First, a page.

I learned to speak at the Farmer’s Market on Fairfax and 3rd, or Farmie’s Market, as I called it, in the late 1980s. I learned by speaking ice cream. My parents would lift me up and sit me on the counters of Gill’s and Bennett’s and teach me the most beautiful words. “Chocolate, can you say chh-ooocolate?” “Vanilla, vaa-nnilllaa.” I’d study the chilled buckets of heaven, point my tiny, grubby finger toward the one that looked like, well, frozen milk, and say, “Banilla!” and the line would go wild! My parents would hoist me up like Rudy (from the hit movie Rudy) and an honorable ice cream scooper would say, “What a smart girl!” as they handed over a sugar cone with one scoop of banilla. Oh, the sweet glory of being Baby Rudy. To rule and drool sugar, and then take a nap.
Perhaps it’s the dystopian state of America or just where I am in my personal life, but when I read that Gill’s Old Fashioned Ice Cream was being forced to close after eighty years, my first thought was, “I’d lie down in traffic right now if it would save Gill’s.” I’d become Rocky Road to keep Gill’s arootbeerfloat. See, I’m not doing well. But seriously, the Gill family owned and operated the same simple, extraordinary ice cream stand in Los Angeles for eighty years. Eighty years in Los Angeles is like a thousand years in Rome. Gill’s was our Colosseum and we blew it. I wish I was the Mayor of Farmer’s Market, I wouldn’t have let this happen.
Besides learning to speak, I also learned how to be a human being at the Farmer’s Market in the late 80s/early 90s, under the tutelage of Los Angelenos in their late 80s/early 90s. They were my neighbors and we were all regulars. I hammed up the hokie-pokie with blue-haired starlets and Walt Disney inkers. I mastered the art of picking the correct old-man-hand that held the quarter, from hunched over ‘I Love Lucy’ prop-masters and other long-retired men who were like Willy Loman, except they had a place to go.
You see, the Farmer’s Market is supposed to be for all ages, all races and all income-levels. It’s supposed to be a melting pot. A place where you can get almost any kind of food but especially a cheap, good cup of coffee if you only have three dollars at the moment. Especially invaluable to the elderly, broke artists, and other bottom-shelf orphans, the Market is meant to be a place you can go to alone, but feel somewhat at home. Where you can order a lemonade and sit down and feel like you’re a human being, surrounded by other human beings.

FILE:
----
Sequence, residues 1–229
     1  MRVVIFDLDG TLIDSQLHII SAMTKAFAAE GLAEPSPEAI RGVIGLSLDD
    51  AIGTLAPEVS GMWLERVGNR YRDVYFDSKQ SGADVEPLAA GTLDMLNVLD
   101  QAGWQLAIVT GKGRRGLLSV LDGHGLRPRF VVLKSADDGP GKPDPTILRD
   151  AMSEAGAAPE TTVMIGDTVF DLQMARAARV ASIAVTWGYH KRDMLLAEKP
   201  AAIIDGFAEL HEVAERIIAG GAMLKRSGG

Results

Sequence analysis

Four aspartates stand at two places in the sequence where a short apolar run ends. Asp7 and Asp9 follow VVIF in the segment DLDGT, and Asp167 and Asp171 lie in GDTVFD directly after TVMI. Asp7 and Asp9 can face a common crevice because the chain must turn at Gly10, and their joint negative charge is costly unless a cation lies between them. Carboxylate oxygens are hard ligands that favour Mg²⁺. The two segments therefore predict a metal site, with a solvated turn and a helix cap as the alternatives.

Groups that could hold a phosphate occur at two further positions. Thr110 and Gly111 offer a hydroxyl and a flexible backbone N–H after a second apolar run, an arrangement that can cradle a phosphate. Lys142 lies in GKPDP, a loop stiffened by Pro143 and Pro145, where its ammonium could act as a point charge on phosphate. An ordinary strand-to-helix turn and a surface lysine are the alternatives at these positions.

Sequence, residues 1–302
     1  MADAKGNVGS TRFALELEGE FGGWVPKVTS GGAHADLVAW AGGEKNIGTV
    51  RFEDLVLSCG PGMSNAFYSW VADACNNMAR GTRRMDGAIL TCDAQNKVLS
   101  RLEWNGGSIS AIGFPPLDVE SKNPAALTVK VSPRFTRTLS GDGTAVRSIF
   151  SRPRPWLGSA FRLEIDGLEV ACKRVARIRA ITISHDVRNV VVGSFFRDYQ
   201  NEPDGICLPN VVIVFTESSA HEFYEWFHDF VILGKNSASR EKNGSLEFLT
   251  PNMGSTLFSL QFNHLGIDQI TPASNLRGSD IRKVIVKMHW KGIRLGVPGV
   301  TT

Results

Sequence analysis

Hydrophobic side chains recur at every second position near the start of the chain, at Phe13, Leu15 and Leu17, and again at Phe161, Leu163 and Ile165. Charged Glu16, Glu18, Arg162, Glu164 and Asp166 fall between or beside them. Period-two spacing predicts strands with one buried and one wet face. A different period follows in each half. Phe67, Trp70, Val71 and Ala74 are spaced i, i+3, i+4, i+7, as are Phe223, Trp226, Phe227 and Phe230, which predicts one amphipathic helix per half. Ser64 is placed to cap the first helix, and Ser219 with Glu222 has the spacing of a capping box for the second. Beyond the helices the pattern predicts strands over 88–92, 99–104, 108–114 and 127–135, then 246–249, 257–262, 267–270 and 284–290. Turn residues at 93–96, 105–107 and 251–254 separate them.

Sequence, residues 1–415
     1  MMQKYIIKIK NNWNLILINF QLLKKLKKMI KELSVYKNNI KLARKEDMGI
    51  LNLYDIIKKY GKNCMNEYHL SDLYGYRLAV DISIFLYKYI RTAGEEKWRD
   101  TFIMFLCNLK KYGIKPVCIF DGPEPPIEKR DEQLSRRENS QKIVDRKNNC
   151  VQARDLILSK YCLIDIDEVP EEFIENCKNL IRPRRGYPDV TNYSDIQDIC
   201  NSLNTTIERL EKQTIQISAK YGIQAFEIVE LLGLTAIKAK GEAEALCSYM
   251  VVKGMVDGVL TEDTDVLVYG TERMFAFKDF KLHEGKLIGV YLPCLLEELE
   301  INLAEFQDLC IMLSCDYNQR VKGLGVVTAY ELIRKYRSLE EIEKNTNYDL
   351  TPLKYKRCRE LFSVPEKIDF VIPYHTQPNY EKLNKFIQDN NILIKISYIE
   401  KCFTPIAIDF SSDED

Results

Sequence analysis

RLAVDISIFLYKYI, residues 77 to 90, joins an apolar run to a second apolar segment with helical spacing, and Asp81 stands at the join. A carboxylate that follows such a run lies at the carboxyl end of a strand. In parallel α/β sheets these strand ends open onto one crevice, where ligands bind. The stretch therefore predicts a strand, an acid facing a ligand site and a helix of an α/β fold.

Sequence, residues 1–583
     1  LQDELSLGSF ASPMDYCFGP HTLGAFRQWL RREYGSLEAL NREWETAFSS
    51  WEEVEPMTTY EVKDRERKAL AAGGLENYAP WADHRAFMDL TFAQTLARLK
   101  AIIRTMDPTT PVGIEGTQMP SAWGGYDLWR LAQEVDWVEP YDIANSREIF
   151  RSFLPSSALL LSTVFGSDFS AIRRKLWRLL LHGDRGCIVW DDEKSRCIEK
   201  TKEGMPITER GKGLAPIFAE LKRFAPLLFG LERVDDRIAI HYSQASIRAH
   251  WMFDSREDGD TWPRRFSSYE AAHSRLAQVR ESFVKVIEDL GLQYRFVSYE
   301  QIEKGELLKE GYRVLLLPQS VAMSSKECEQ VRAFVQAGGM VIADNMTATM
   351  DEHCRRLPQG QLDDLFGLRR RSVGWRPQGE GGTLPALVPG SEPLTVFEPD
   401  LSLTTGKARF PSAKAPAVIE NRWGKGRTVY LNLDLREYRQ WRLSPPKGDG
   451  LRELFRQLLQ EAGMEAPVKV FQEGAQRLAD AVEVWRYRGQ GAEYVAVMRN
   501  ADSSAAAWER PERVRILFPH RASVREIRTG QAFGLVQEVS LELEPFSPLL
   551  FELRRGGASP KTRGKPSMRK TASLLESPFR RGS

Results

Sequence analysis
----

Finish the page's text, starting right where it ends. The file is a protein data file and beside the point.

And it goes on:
There should be room for ice cream champions, but more importantly, there should always be room for failures and the forgotten at the Farmer’s Market. You have The Grove for fancy, festive, soulless consumption and Mario Lopez’s teeth. The Farmer’s Market isn’t for the pristine, plastic pearls that exude from the gums of Mario Lopez. It is for the faulty dentures of the elderly and the adorable, shark-like chompers of awkward children. It’s for people with either messed up or just normal teeth.
A lady with a hairnet, who reminds you of your dead grandma, is supposed to kindly yell at you to help her push her iconic, light green cart that only has three mangoes in it. You help her with her cart, she helps you with your heart, that’s how it works. Then you buy a kid some stickers at Sticker Planet, the kid sticks a sticker onto a first-string day drinker, the day drinker cries because he remembers he used to love stickers. There is a formula. It works. It’s stunning. Don’t mess with it.
My parents were savvy and picked up on the majesty of the Farmer’s Market right when they moved from New York to Los Angeles in the late 1970s. They were talented, under-employed actors (I take after them) and called the Farmer’s Market their office. They’d have a bad audition or a great audition and then head to their office to blow off steam, grab a bite or a drink, and make a few phone calls from one of the pay phones by Du-par’s.